By Richard McMahon, Catholic Outlook, December 2016
Isn’t it wonderful how often after Jesus offers healing; he invites people to continue on their journey. “Pick up your mat and walk” or “Go, and sin no more.”
The encounter with the God of Mercy is not an end in itself, but rather a doorway into a renewed life of being merciful to self and others. The Eucharist offers the greatest of these gateways, inviting us to be taken up with the gifts of bread and wine, to offer our whole selves, so that we may be broken from our old life and made whole as we are shared with the world through union with Jesus Christ.
A similar experience was shared as we gathered for the closing of the Holy Door in St Patrick’s Cathedral on 13 November 2016, echoing the closing of Holy Doors across the dioceses of the world, before Pope Francis closed the final Holy Door in St Peter’s the following week. Was it an end or a beginning?
One significant approach to the Year of Mercy in our Diocese involved the Way of Mercy. It was a journey of over three months, with a large Cross and Relics of two beloved saints, St Mary of the Cross MacKillop and St Teresa of Kolkata.
The Cross and Relics visited every one of our systemic schools and was at the heart of many gatherings of groups of parishes, schools and chaplaincies.
The Way of Mercy extended to hospitals, other Catholic schools, aged care communities, celebrations of migrants and refugees, celebrations of family, of youth, of our catechists, of the environment, and to a prison and retreat centre, all aspects of our life sharing mercy, needing mercy, or both.
The conclusion of the Way of Mercy coincided with the conclusion of the Year of Mercy in our Diocese, marked by the closing of the Holy Door.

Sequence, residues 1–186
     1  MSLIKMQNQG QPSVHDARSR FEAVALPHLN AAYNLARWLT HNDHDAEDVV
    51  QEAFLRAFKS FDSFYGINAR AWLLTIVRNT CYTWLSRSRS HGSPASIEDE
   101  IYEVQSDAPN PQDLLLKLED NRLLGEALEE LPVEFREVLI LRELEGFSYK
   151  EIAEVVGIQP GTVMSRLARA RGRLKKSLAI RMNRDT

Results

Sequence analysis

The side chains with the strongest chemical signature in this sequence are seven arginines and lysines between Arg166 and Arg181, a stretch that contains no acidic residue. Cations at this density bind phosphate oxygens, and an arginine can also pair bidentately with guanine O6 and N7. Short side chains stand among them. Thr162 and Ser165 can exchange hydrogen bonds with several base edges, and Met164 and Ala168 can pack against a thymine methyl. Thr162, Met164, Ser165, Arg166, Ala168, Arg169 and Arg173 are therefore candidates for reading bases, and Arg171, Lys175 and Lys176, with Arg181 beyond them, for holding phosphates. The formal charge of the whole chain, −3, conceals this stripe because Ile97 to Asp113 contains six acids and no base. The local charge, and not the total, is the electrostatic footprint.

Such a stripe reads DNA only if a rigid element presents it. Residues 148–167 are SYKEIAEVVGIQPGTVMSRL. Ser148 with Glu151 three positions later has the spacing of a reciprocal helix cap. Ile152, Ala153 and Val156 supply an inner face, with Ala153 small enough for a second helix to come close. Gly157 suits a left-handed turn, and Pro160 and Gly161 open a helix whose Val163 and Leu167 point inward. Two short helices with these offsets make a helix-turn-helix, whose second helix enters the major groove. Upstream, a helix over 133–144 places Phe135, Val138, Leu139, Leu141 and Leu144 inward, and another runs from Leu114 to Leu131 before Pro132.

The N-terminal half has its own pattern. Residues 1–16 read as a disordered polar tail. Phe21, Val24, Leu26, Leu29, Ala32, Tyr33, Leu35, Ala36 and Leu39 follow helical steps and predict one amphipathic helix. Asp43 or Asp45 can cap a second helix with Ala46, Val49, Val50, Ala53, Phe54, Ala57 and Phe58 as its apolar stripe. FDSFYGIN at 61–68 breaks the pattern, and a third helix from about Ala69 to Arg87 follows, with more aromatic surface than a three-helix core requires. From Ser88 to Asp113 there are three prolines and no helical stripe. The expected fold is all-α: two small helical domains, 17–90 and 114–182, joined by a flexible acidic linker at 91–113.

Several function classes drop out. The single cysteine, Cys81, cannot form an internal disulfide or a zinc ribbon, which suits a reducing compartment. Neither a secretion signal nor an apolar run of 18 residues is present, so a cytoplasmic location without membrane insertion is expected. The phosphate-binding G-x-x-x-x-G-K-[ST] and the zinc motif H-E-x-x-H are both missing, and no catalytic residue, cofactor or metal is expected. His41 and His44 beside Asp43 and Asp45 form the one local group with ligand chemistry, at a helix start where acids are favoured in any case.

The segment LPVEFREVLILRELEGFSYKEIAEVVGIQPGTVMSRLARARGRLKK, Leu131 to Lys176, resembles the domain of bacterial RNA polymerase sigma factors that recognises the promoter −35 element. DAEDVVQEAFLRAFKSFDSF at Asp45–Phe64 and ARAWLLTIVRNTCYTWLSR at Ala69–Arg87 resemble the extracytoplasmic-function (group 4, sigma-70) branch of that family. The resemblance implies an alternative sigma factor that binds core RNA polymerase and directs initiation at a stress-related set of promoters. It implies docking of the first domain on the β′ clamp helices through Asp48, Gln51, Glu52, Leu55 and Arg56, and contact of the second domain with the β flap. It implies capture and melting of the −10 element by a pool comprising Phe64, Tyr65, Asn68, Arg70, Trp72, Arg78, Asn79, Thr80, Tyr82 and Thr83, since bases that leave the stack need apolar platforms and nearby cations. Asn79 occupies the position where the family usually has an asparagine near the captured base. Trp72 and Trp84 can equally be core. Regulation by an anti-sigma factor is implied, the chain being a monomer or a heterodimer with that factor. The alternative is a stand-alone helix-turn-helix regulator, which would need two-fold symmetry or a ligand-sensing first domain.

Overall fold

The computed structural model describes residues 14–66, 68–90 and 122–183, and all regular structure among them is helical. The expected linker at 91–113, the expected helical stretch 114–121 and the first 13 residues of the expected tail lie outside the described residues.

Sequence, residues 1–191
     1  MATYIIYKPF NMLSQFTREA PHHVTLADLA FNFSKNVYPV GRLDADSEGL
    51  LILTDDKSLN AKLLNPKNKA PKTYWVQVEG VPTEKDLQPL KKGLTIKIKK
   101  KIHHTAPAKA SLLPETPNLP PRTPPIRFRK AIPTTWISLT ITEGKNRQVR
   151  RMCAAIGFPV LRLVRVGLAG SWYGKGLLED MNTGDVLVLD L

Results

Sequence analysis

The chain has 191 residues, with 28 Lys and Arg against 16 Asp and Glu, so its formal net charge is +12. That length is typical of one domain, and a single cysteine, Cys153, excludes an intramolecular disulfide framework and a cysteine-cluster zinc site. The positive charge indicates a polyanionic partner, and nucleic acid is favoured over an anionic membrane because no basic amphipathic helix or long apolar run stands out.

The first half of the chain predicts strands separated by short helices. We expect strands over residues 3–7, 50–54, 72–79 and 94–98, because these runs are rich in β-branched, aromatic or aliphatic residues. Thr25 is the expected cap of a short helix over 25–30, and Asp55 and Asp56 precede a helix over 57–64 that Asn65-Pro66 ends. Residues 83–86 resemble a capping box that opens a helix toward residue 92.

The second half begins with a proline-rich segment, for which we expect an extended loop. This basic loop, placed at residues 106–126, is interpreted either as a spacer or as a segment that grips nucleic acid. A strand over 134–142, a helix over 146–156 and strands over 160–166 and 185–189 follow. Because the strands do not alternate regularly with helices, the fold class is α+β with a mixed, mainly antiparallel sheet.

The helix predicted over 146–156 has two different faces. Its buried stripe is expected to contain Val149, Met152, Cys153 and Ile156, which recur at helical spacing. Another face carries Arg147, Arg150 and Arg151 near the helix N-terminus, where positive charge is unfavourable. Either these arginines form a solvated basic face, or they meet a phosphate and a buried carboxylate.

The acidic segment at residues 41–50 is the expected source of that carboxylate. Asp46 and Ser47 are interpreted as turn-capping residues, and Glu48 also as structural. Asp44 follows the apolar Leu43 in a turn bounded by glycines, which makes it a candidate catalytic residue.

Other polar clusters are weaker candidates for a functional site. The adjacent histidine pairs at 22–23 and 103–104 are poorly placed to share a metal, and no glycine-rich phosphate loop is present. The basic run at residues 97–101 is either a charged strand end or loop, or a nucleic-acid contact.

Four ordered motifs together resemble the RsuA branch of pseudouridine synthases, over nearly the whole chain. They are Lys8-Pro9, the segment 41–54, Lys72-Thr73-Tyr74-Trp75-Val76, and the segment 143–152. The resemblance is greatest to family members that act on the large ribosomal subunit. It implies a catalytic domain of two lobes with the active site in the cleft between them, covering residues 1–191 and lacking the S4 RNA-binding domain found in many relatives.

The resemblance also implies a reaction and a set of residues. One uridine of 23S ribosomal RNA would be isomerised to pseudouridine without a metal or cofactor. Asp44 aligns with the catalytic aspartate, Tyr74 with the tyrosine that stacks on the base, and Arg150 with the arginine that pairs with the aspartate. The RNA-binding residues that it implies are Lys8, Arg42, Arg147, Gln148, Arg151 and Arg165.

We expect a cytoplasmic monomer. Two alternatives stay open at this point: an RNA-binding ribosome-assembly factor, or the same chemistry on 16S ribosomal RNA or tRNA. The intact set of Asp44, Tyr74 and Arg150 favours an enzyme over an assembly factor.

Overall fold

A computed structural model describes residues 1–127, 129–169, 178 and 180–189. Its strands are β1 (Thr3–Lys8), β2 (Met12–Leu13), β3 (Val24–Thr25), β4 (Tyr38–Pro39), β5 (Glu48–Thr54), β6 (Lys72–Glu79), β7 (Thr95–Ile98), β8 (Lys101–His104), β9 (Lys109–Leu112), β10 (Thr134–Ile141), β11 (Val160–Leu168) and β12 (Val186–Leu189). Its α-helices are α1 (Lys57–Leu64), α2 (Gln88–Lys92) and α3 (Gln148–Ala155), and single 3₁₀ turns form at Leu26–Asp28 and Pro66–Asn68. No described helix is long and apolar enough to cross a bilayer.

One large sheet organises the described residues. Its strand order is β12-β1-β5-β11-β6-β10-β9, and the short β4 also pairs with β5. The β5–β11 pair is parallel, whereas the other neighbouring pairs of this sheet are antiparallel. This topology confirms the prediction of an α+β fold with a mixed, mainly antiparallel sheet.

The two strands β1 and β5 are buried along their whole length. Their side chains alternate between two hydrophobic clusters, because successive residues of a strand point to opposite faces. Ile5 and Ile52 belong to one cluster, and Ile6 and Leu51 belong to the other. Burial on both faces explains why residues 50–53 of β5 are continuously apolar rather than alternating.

Representatives from our parishes, schools, chaplaincies and other centres, gathered on Sunday 13 November to participate in the final movement of the Way of Mercy as it journeyed from Old King’s School to the Cathedral.
While local parish and school communities gathered in the Cathedral for prayer and testimony, the diocesan Mercy representatives attended a final session in the Cathedral hall.
Richard McMahon, Director of Pastoral Planning and Implementation, addressed the group, thanking them and their communities for being ambassadors of mercy, and providing fertile soil for the Holy Spirit to offer the abundant grace of God’s mercy to all who experienced the Cross and Relics.
In particular, the team who had coordinated the Way of Mercy were thanked, including the drivers of the trucks, and those who had liaised with the schools and parishes and other communities throughout the journey.
Very Rev Paul Roberts EV, Episcopal Vicar for Evangelisation and Pastoral Planning, then addressed the representatives, again thanking them for their involvement.
A gift of a print depicting Rembrandt’s The Return of the Prodigal Son on a large canvas was offered to each community by the Institute for Mission, along with a set of reflections for use with the image.
This will be a practical measure for our communities to incorporate into their planning for the coming year, so that the spirit of the Year of Mercy is not lost.
In the Mass that followed, Bishop Vincent Long again encouraged the congregation not to see the closing of the Holy Door as an end to our efforts to be merciful, but rather that through this year, God’s mercy has seeped into our bones and can be carried forth into 2017 and beyond, being faces of God’s mercy to others.
Images, videos and stories of the Way of Mercy can be found at www.mercyhasaface.org.au
Richard McMahon is Director of Pastoral Planning & Implementation in the Diocese of Parramatta.